b. Working on the detection of warning signs that can tell us a person is or can be intent on committing a fraud.
The circumstances around an individual’s life change constantly. Some are dishonest and on the look-out for an opportunity to commit fraud. Others might be honest people. However, they might at one point begin to evaluate the possibility of committing fraud because of financial pressures, envy or some other circumstance.
Those changing and often unexpected circumstances can make the situation unmanageable for the individual, who then believes that it is necessary or appropriate to commit fraud.
The motivation to commit fraud can be classified as internal or external, depending on its origin. Internal motivations are those arising from the work place and many of them can be controlled by the organization. Such is the case of an employee who feels that he/she does not receive appropriate recognition, whether it be from an economic point of view, from the point of view of responsibilities or in her/his hierarchic level.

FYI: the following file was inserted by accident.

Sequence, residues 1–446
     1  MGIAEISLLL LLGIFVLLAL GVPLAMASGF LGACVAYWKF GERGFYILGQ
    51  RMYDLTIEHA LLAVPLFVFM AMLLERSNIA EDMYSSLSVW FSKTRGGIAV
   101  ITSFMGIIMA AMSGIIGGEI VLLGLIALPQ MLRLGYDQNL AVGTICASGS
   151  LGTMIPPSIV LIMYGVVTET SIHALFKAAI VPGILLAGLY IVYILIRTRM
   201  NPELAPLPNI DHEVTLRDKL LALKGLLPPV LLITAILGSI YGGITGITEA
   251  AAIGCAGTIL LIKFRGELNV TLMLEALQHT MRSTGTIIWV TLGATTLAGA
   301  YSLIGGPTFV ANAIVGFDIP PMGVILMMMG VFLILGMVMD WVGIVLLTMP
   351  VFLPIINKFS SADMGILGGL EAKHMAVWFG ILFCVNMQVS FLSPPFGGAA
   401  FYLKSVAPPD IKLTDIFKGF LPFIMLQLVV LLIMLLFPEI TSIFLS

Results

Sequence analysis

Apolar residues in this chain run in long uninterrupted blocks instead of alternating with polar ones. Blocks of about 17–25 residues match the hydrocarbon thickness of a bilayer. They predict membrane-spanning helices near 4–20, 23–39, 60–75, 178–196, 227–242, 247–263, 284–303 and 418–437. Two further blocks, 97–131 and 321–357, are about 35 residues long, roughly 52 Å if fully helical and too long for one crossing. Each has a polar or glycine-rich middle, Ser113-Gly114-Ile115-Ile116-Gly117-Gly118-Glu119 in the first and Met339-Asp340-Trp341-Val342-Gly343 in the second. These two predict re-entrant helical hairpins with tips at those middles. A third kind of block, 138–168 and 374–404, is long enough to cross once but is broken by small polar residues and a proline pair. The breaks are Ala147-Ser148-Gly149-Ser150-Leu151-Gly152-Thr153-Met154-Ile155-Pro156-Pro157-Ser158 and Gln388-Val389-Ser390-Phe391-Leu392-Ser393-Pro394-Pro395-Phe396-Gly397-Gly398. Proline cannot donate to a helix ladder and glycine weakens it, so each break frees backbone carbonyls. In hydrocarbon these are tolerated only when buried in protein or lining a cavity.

As far as external motivations are concerned i.e. those arising from outside the organization, very little can be done. Therefore, immediate attention must be paid to the appearance of warning signs that may alert to an individual’s attitude. The most common factors seem to be an addiction to drugs, alcohol or gambling; serious
financial or health problems –their own or their relatives’– and, typically, the pressure to keep up with or to reach a higher living standard than the one they can really attain. Once we understand the true motivations of fraud, it is up to management to decide on the necessary measures to keep track of that kind of behavior within the work

3. Opportunity

Opportunity turns motivation into action. Someone lacking in principles will recognize a chance to commit fraud and act accordingly.
The opportunities to commit fraud generally depend on the quality of the internal controls implemented in an organization. At this point, we can divide the kinds of opportunities into three great groups, according to their origin:

a. weaknesses in the design of the controls

b. weaknesses in the application of such controls

c. possibility of evading the controls

Let’s analyze what a dishonest person does to discover an opportunity to commit an illicit act.